tech behind stratospheric skydive

Sixty five years ago today, Captain Charles Yeager became the first man to travel faster than the speed of sound in his X-1 aircraft. Daredevil Felix Baumgartner just became the first man to accomplish the same feat without a plane -- or indeed any assistance at all. In an almost unimaginable stunt, the 43-year old Austrian has jumped from a specially constructed balloon at over 128,000 feet (39km) above the earth, breaking the world record for high-altitude skydives and speeds in free fall.

tech behind stratospheric skydive

Citizens of Star Wars are Probably Totally Illiterate

Not once in any Star Wars movie does someone pick up a book or newspaper, magazine, literary journal, or chapbook handmade by an aspiring Jawa poet. If something is read by someone in Star Wars, it's almost certainly off of a screen (and even then, maybe being translated by a droid), and it's definitely not for entertainment purposes. As early as the 1990s-era expanded Star Wars books and comic books, we're introduced to ancient Jedi "texts" called holocrons, which are basically talking holographic video recordings. Just how long has the Star Wars universe been reliant on fancy technology to transfer information as opposed to the written word? Is it possible that a good number of people in Star Wars are completely illiterate?

Facebook's Gen Y Nightmare

Tina Porter, 26. She's what you need for the transpacific trade issues you just mentioned, Alan. Her dissertation speaks for itself, she even learned Korean..." He pauses. "But?..." Asks the HR guy. "She's afflicted with acute migraine. It occurs at least a couple of times a month. She's good at concealing it, but our data shows it could be a problem", Chen said. "How the hell do you know that?" "Well, she falls into this particular Health Cluster. In her Facebook babbling, she sometimes refers to a spike in her olfactory sensitivity -- a known precursor to a migraine crisis. In addition, each time, for a period of several days, we see a slight drop in the number of words she uses in her posts, her vocabulary shrinks a bit, and her tweets, usually sharp, become less frequent and more nebulous. That's an obvious pattern for people suffering from serious migraine. In addition, the Zeo Sleeping Manager website and the stress management site HeartMath -- both now connected with Facebook - suggest she suffers from insomnia. In other words, Alan, we think you can't take Ms Porter in the firm. Our Predictive Workforce Expenditure Model shows that she will cost you at least 15% more in lost productivity. Not to mention the patterns in her Facebook entries suggesting a 75% chance for her to become pregnant in the next 18 months, again according to our models." "Not exactly a disease from what I know. But OK, let's move on".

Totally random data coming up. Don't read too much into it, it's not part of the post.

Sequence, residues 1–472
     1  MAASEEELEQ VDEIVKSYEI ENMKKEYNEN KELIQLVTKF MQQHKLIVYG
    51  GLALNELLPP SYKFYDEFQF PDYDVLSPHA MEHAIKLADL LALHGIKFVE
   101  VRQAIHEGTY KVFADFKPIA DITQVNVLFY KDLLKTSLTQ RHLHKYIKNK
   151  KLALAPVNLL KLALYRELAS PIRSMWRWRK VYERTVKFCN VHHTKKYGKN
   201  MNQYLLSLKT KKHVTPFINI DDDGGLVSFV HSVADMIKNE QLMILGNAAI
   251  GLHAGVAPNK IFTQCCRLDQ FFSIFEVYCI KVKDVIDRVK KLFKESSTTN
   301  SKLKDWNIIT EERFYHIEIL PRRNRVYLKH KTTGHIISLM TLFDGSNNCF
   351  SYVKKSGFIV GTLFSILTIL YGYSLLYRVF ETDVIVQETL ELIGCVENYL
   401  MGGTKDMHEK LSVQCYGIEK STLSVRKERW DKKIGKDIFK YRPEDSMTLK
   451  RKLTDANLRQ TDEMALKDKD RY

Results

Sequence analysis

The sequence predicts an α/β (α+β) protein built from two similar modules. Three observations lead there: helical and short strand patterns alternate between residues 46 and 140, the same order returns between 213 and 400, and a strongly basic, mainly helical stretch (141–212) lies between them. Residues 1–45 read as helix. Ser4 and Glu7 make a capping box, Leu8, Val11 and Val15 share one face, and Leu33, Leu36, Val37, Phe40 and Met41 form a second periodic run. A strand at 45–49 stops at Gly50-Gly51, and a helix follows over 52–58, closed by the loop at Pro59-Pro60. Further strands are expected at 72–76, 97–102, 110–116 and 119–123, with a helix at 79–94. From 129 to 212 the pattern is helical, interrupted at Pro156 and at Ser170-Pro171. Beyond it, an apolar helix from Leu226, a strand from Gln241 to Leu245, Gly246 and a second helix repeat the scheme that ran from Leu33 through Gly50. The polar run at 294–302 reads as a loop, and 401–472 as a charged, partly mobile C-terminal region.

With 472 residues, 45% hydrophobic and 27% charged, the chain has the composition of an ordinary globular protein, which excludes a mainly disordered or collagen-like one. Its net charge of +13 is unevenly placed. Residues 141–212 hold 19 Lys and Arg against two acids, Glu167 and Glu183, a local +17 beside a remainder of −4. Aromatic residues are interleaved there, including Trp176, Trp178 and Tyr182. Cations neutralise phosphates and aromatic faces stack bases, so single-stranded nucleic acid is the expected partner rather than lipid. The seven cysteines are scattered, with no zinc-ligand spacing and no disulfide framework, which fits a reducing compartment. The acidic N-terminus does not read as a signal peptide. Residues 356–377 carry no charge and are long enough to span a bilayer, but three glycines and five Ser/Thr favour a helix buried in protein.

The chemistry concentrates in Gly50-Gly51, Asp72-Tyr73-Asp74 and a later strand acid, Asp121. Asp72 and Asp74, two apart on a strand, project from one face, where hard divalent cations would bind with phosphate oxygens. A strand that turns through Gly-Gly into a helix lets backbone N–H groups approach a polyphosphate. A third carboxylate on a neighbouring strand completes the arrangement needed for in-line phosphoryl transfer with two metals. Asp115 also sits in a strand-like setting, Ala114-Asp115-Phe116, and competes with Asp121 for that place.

The Truth About Salt

Salt consumption is said to raise blood pressure, cause hypertension and increase the risk of premature death. This is why the Department of Agriculture's dietary guidelines still consider salt Public Enemy No. 1, coming before fats, sugars and alcohol. It's why the director of the Centers for Disease Control and Prevention has suggested that reducing salt consumption is as critical to long-term health as quitting cigarettes.And yet, this eat-less-salt argument has been surprisingly controversial -- and difficult to defend. Not because the food industry opposes it, but because the actual evidence to support it has always been so weak.

The Truth About Salt